Editorial: Guns in the wrong hands — D.C. shootings show how vital it is to keep weapons away from mentally ill
by The Anniston Star Editorial Board
Sep 17, 2013 | 2144 views |  0 comments | 18 18 recommendations | email to a friend | print
Monday’s massacre at the Washington Navy Yard left a trail of despair: 13 dead, including the shooter, several more wounded and the nation wondering how something deadly could happen again on a seemingly secure stateside military base.

It also reopened this nation’s unrelenting discourse on gun control.

Today, the more valuable discussion is how America’s courts, law enforcement and mental health systems can keep weapons out of the hands of the mentally ill.

Aaron Alexis, the 34-year-old gunman in the Navy Yard killings, provides a fairly complete picture of how difficult that discussion truly is.

By all accounts, Alexis needed mental assistance. Officials have said that the former Navy reservist had started treatment for his mental problems and, according to the Washington Post, “had exhibited signs of mental illness dating back more than a decade.”

The Post also reported that Newport (R.I.) Police responded to a call at a hotel in August where they found Alexis suffering from hallucinations and saying a person he had previously argued with had sent three people to follow him.

Alexis, however, was never committed to a hospital for his mental problems and was never deemed mentally ill by a judge or by the Navy, despite the fact that he had been receiving treatment from the Veterans Administration.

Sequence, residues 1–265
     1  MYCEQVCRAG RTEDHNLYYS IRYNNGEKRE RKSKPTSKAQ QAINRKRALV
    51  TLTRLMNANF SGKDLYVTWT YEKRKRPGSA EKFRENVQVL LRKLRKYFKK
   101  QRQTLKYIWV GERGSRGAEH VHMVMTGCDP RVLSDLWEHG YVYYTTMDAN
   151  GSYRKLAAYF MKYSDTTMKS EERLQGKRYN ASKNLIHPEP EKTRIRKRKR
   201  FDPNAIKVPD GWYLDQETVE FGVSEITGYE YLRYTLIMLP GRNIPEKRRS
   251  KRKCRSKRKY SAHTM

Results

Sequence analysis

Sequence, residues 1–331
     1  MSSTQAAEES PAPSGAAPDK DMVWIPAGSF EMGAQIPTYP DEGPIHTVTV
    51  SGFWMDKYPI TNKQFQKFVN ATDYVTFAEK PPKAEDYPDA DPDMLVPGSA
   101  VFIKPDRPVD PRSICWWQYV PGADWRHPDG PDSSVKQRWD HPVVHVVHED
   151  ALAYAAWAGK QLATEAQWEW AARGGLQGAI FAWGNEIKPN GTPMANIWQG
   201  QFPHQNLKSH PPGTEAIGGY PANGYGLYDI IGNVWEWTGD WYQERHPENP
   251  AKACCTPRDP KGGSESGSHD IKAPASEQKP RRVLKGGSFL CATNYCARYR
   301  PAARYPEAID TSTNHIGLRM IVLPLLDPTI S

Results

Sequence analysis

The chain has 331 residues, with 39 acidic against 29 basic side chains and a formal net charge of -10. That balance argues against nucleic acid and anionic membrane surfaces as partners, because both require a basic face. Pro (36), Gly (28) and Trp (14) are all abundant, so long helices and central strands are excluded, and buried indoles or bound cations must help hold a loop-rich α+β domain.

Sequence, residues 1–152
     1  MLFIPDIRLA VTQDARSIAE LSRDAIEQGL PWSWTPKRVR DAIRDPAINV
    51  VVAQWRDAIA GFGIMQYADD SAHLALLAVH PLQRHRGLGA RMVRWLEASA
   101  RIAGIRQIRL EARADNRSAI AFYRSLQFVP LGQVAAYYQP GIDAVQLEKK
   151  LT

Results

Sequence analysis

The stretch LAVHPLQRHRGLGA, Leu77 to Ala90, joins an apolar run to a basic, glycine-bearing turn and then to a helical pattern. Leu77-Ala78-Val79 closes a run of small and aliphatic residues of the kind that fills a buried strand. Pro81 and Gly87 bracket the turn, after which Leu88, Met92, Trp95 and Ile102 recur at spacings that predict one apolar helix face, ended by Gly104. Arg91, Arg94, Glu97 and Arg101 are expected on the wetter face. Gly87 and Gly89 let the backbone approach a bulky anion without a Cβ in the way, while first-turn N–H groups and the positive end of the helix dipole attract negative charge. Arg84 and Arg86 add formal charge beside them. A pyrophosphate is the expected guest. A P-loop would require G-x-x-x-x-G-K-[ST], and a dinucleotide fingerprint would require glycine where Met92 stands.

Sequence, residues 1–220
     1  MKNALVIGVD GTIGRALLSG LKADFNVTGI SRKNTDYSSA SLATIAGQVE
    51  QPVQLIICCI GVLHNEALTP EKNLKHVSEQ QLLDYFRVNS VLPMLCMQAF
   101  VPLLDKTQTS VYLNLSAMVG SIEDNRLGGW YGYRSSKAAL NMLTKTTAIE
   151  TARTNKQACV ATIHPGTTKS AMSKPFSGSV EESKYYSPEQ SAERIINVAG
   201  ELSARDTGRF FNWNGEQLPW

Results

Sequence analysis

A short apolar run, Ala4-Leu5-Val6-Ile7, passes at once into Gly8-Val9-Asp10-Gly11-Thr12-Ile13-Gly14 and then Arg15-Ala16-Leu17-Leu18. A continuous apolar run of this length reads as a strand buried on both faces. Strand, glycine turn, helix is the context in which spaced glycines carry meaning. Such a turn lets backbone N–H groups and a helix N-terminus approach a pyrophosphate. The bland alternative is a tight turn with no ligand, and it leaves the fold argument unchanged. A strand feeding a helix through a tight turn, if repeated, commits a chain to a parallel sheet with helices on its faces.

Thus, the Navy Yard gunman was not reported to the FBI and not placed on the database of those ineligible to buy firearms from licensed dealers. Officials Tuesday said Alexis bought his shotgun legally last weekend in Virginia.

In the clarity of hindsight, it’s obvious that Aaron Alexis should not have had that right.

The Navy Yard massacre is the latest example of a trend America must end. Overwhelmingly, too many of the mass murders now so commonplace in our nation — such as those in Aurora, Colo., and Newport, Conn. — have been committed by gunmen who, even if not committed to a mental facility, needed urgent medical assistance. The best example is Seung Hi Cho, whose 2007 shooting rampage at Virginia Tech University came after he was deemed mentally ill by a judge but went unreported to authorities. Cho killed 32 and wounded 17.

This isn’t about stereotyping of the mentally ill or stripping them of their rights. Their interests, as well as their health, must be protected.

But this is about keeping guns out of the hands of those incapable of making rational decisions about the weapons they hold. As Congress is undoubtedly subjected to more calls for stricter gun-control laws, this aspect of America’s prevalence of mass murders must be front and center.
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